diabetes

  • Vegetarian Mixed-Bean Chili Express

    6 cloves garlic, minced or crushed
    1 tablespoon chili powder (preferably a dark variety, such as ancho)
    1 tablespoon dried oregano
    1 1/2 teaspoons ground cumin
    1/2 teaspoon crushed red pepper
    1 can (28 ounces) low-sodium diced tomatoes
    1 1/2 cups cooked or 1 can (15 ounces) pinto beans, rinsed and drained
    1 1/2 cups cooked or 1 can (15 ounces) black beans, rinsed and drained
    1 1/2 cups cooked or 1 can (15 ounces) small red or red kidney beans, rinsed and drained
    3 cups hot water
    1 1/2 cups dry textured vegetable protein
    1 cup frozen whole-kernel corn
    1/4 cup low-sodium soy sauce
    1 tablespoon hot-pepper sauce
    1 tablespoon onion powder
    1 tablespoon unsweetened cocoa powder
    1 teaspoon sugar
    2 tablespoons cornmeal or masa harina
    Salt to taste

    Steam-fry the garlic in a large, heavy nonstick skillet for 2 minutes. Add the chili powder, oregano, cumin, and red pepper and stir-fry for 1 minute. Add the tomatoes (with juice), beans, hot water, vegetable protein, corn bell pepper, soy sauce, hot-pepper sauce, onion powder, cocoa, and sugar. Bring to a boil, then reduce the heat, cover, and simmer for 15 to 30 minutes. During the last 5 minutes of cooking sprinkle the cornmeal or masa harina over the top and stir thoroughly. Season with the salt.


    Per serving (6): 329 calories, 26 g protein, 57 g carbohydrates, 7 g sugar, 2 g total fat, 4% calories from fat, 0 mg cholesterol, 16 g fiber, 457 mg sodium  

  • Chocolate-Dipped Strawberries

    1/4 cup Wax Orchards fudge topping
    12 large fresh whole strawberries, cleaned, with stems

    Heat the topping in a small saucepan just until softened. Divide equally into 2 small bowls. Hold strawberries by the stem ends, dip in the topping, and enjoy!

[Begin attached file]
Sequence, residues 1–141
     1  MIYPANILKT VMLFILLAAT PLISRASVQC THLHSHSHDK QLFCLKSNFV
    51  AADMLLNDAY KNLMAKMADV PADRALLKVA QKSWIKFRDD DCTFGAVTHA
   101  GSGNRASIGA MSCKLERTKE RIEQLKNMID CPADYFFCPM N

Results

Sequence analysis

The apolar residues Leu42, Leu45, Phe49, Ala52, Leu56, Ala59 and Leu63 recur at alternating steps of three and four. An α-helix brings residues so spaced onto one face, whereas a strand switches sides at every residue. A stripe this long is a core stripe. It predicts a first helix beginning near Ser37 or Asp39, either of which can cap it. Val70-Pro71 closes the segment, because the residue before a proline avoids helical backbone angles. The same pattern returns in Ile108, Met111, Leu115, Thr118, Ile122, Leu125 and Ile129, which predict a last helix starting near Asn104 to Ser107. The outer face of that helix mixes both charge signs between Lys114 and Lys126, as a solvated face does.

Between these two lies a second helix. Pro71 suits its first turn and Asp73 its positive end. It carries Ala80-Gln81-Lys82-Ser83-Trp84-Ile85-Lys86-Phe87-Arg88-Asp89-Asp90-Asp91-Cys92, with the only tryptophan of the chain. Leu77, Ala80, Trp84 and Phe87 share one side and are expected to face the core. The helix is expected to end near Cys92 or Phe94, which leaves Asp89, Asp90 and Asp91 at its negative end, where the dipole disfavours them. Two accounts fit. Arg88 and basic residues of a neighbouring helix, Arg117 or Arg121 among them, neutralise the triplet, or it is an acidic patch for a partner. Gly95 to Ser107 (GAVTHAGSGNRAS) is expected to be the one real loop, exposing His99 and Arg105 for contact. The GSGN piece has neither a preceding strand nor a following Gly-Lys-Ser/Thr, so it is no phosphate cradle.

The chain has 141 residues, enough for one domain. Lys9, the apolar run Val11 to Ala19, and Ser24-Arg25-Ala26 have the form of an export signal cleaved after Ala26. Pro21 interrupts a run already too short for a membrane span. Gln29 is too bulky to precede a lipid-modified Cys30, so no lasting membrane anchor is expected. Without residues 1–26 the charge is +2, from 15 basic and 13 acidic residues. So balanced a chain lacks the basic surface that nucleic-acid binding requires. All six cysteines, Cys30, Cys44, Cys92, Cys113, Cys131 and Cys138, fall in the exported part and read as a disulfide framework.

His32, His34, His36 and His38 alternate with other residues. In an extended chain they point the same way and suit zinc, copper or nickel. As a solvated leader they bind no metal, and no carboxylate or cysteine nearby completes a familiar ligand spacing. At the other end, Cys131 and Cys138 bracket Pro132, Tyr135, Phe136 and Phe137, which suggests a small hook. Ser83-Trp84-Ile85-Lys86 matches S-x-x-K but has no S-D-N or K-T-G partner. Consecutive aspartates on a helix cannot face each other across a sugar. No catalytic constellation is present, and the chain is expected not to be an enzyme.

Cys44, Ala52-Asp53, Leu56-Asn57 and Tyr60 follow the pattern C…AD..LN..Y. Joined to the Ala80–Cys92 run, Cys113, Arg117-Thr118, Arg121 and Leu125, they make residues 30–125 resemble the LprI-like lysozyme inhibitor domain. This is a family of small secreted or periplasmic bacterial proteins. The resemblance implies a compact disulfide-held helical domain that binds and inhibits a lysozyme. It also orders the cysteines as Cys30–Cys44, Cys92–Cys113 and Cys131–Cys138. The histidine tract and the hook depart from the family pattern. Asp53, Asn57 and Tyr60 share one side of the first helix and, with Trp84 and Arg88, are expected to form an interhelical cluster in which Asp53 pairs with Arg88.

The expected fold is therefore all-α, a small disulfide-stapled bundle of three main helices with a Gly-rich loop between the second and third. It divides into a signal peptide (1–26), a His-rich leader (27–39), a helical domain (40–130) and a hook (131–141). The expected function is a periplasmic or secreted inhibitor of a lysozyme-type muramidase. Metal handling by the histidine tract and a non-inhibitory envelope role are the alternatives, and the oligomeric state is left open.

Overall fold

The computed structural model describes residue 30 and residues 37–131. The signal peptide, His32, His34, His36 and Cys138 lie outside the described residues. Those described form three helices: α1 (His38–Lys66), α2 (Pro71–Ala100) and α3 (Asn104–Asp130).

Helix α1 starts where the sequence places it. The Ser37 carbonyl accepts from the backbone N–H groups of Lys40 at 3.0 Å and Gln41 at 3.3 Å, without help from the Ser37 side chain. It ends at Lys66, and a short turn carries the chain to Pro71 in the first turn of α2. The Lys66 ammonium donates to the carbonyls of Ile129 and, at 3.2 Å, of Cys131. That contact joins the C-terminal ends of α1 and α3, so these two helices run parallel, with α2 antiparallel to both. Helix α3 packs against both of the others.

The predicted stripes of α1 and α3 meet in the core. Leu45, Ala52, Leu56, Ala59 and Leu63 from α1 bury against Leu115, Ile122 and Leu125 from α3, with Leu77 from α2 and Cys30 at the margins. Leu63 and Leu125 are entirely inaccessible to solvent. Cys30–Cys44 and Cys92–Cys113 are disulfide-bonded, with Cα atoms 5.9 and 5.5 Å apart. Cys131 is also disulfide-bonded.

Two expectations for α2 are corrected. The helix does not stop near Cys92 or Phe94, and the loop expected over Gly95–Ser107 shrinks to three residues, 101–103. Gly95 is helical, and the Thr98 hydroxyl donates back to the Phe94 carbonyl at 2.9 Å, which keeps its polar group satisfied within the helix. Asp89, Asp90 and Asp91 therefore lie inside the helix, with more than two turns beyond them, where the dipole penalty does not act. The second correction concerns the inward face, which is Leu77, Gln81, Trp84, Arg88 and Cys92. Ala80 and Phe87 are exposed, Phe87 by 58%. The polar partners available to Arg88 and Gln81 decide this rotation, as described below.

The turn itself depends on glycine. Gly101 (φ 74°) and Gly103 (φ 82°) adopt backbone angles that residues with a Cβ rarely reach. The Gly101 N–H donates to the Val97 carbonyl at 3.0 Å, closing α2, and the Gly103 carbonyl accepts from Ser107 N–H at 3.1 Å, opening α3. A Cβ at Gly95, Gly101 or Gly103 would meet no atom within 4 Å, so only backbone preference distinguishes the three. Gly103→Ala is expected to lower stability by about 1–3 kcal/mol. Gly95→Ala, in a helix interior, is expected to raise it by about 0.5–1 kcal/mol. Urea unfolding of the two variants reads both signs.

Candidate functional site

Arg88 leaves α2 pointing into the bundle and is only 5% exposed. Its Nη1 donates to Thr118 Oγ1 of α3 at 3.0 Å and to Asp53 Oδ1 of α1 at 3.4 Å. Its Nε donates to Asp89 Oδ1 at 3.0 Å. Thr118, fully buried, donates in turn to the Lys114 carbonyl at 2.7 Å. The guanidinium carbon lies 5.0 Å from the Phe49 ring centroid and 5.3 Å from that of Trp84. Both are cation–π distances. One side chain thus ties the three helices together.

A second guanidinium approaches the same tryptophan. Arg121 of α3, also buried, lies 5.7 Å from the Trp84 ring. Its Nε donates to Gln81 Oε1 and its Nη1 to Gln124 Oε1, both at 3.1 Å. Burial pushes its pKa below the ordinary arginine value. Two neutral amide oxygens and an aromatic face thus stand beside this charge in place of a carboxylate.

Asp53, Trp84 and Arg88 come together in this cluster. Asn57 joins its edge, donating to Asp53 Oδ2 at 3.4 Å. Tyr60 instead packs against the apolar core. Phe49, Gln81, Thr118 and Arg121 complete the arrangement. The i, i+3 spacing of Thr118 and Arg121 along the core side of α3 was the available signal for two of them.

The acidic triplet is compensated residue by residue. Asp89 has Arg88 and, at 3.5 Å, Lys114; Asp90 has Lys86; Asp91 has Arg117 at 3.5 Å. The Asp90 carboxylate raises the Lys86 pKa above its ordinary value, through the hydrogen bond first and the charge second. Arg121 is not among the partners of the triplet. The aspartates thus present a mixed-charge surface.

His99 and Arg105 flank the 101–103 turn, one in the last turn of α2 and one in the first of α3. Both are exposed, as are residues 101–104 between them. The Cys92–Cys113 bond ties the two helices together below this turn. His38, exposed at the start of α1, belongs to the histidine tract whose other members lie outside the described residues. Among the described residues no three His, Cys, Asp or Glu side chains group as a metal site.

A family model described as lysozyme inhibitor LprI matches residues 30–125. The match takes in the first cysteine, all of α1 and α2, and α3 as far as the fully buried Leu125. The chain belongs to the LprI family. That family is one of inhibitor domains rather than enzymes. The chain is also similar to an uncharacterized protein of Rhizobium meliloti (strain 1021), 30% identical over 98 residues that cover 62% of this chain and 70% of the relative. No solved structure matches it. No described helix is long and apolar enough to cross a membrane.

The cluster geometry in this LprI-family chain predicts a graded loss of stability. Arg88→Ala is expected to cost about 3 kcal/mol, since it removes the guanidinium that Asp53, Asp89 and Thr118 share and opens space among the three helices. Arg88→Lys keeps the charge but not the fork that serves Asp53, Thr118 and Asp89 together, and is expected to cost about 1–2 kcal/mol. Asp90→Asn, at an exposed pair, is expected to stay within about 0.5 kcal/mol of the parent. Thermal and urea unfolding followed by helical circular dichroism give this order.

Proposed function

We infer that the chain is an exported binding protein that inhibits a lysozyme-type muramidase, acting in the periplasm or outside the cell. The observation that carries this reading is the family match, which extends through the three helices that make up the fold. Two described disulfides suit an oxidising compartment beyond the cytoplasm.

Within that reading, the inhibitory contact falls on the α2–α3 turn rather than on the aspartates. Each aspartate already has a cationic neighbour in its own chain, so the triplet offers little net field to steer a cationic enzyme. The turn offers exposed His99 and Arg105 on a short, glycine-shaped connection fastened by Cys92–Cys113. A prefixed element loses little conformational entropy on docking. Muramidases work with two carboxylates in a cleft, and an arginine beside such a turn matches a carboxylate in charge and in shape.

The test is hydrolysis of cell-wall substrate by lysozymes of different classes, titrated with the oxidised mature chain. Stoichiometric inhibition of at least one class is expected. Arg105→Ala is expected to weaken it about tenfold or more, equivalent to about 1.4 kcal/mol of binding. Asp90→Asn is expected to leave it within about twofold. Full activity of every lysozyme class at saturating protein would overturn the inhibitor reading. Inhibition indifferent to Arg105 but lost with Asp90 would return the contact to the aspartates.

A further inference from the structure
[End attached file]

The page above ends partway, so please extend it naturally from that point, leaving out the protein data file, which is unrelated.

MAKES 2 SERVINGS

    Per serving: 125 calories, 1 g protein, 29 g carbohydrates, 23 g sugar, 1 g total fat, 5% calories from fat, 0 mg cholesterol, 4 g fiber, 41 mg sodium

  • The Diabetes Cure

    Rosa Gonzalez knew firsthand about the disasters of type-2 diabetes—a condition that results when your body stops responding normally to insulin, a hormone that pulls sugar from the bloodstream into cells, where it’s used for energy.

    Forget counting carbs. Here's the new way to reverse this disease.
    By William Gottlieb
  • Brush Away Diabetes

    Gum disease may do more than ruin your beautiful smile—it may also increase your risk of type-2 diabetes.

    By Kristin Bjornsen
  • The Super Soaker

    Soaking brown rice overnight before cooking releases a compound called ASG (acylated steryl glucoside) that may help diabetics ward off disease-related nerve and vascular damage. New research in the Journal of Lipid Research shows that ASG helps normalize blood sugar by increasing levels of good enzymes that diabetes destroys.

    By Wendy McMillan
  • Ask The Doctor: Diabetes & Artifical Sweeteners

    As you know, when you eat sugar (or simple carbohydrates), your blood glucose levels rise, and your pancreas releases insulin to usher the sugar into cells. As a diabetic, however, you either don’t produce enough insulin or your cells don’t respond to the insulin (or both), and your blood glucose levels remain sky high.

    I’m diabetic. Should I use artificial sweeteners, such as Splenda or NutraSweet, instead of sugar?
    By Lisa Lanzano, RD